Caption by Catherine Cluett, photo ©PF Bentley/PFPix.com
Molokai hosted its first Alternative Energy Festival last weekend, organized by I Aloha Molokai, a community group that opposes industrial wind turbines on the island. The festival featured panel discussions on the state’s proposed Big Wind project, alternatives to that plan, workshops on topics from how to dry food to how to finance a small photovoltaic system, entertainment by acclaimed musicians such as Amy Hanaiali`i, and a youth poster contest. Above, musicians from the group Molokai Drums gave a debut performance to open the festival.
Four hundred fifty feet above the Mitchell Pauole Center floated a large helium-filled balloon to demonstrate the height of the proposed wind turbines on Molokai. The goal of the two-day event was to initiate an exchange of information about how local residents can reduce their electric bills and dependence on fossil fuel, as well as better understand the dangers and alternatives to large-scale industrial wind farms.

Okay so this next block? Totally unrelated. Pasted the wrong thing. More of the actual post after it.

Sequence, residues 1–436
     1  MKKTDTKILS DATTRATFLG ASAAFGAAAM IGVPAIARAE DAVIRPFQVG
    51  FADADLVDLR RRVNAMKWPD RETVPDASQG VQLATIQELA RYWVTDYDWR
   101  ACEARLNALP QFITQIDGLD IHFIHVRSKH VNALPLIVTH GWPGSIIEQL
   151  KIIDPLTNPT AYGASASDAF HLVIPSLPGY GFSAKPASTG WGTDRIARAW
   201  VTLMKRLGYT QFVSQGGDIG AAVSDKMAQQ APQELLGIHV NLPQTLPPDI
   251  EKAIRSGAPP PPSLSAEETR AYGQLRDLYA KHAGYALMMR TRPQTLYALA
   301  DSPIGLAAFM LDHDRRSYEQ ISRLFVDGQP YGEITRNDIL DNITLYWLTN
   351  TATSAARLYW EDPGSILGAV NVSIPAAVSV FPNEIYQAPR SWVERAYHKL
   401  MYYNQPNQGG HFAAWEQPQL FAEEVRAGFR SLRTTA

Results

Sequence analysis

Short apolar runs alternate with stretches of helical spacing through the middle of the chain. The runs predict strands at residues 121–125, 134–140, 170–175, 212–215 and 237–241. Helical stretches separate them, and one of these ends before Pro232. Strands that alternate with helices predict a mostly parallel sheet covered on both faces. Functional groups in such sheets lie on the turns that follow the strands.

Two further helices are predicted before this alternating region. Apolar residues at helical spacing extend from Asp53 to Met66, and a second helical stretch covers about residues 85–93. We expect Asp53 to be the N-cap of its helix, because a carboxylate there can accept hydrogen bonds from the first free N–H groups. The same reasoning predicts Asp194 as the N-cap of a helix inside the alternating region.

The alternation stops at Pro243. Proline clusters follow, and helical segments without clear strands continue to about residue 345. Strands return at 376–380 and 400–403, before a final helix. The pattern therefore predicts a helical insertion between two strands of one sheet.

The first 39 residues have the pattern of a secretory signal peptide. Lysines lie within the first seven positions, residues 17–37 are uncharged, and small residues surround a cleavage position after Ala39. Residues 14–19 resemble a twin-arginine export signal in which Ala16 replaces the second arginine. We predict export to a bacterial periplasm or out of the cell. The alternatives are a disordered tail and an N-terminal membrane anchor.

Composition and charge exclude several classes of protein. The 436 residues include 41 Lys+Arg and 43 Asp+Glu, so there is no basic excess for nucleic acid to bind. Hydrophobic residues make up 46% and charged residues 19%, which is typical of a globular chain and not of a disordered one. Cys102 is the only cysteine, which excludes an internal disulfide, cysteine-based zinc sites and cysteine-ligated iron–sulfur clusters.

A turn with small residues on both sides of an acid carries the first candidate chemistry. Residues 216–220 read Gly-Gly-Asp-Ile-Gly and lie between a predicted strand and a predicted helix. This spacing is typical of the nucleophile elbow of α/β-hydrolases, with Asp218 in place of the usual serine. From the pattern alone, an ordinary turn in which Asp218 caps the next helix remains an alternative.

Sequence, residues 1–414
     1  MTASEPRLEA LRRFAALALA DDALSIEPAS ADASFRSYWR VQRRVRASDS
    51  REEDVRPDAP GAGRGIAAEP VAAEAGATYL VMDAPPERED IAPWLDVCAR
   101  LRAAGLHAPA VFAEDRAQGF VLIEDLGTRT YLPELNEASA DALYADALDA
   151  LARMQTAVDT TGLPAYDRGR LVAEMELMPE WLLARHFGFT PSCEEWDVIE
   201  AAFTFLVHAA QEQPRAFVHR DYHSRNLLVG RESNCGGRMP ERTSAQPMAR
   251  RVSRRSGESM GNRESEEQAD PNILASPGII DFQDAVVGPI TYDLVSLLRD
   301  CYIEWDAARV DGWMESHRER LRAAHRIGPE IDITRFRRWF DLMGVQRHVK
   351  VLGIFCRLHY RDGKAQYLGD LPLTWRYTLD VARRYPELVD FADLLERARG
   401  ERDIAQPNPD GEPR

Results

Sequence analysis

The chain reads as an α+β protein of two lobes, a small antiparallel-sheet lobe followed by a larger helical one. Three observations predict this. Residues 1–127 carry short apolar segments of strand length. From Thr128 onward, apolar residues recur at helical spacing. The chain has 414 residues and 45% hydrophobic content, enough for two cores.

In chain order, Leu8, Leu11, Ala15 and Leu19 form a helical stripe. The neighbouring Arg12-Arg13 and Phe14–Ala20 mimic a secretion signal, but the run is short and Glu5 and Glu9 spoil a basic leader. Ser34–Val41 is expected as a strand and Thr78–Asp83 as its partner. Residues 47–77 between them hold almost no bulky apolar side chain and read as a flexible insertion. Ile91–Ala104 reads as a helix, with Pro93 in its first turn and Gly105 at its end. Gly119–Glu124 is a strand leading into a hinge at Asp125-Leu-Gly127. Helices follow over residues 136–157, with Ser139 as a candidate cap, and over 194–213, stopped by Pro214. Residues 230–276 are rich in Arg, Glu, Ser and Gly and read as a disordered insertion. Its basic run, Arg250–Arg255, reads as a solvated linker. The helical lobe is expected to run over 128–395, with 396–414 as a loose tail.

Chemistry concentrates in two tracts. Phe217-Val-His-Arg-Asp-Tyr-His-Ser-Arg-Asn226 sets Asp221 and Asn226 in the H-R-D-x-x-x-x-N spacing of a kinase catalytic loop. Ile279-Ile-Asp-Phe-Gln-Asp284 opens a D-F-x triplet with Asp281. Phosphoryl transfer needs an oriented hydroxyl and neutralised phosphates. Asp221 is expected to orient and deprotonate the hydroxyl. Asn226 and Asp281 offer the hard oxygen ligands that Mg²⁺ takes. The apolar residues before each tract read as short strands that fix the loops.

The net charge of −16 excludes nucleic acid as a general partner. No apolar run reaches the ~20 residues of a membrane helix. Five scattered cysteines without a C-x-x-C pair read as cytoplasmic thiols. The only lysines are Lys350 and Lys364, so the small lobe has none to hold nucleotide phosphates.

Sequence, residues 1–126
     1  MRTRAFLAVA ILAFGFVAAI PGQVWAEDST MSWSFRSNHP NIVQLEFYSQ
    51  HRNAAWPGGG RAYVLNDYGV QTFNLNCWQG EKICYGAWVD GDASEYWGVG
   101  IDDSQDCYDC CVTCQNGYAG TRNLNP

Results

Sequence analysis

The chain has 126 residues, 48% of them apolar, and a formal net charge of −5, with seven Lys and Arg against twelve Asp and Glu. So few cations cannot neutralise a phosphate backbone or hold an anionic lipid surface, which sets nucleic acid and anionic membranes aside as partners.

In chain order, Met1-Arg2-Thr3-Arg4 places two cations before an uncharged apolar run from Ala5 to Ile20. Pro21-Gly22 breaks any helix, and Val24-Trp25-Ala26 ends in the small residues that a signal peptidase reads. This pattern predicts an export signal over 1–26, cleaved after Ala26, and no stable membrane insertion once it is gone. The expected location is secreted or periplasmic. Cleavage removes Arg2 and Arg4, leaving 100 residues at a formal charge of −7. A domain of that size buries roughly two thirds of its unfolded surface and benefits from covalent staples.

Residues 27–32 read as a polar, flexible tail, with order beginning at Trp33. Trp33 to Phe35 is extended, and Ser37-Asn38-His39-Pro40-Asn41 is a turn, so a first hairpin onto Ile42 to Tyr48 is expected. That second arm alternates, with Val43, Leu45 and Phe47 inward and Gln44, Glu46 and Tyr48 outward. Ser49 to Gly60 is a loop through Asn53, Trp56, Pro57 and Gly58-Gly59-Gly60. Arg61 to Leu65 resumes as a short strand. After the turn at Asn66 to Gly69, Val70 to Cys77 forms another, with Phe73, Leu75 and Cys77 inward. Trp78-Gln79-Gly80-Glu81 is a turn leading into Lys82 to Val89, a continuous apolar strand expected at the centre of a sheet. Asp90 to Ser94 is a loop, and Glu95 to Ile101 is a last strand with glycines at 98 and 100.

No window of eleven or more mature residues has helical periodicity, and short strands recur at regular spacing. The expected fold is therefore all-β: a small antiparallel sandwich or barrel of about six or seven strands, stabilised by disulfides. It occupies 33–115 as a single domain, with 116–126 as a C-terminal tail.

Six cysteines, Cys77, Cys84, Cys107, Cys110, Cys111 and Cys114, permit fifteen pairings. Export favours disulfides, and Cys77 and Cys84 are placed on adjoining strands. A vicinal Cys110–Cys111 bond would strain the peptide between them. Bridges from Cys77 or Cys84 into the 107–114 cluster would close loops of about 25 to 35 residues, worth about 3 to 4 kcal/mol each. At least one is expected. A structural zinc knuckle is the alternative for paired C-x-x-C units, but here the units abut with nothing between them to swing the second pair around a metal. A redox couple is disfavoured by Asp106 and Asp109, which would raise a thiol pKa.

“Be maka`ala [careful],” warned panelist and UH professor Devianna McGregor. “Don’t fall for short term benefits [proposed by wind energy companies.] In the long run, wind farms will destroy our way of life.”
Below, local resident and Rising Sun Solar representative Matt Yamashita (right) – one of the many exhibitors and contractors represented at the event – discusses photovoltaic options with festival attendees.
The event was made possible through Office of Hawaiian Affairs funding.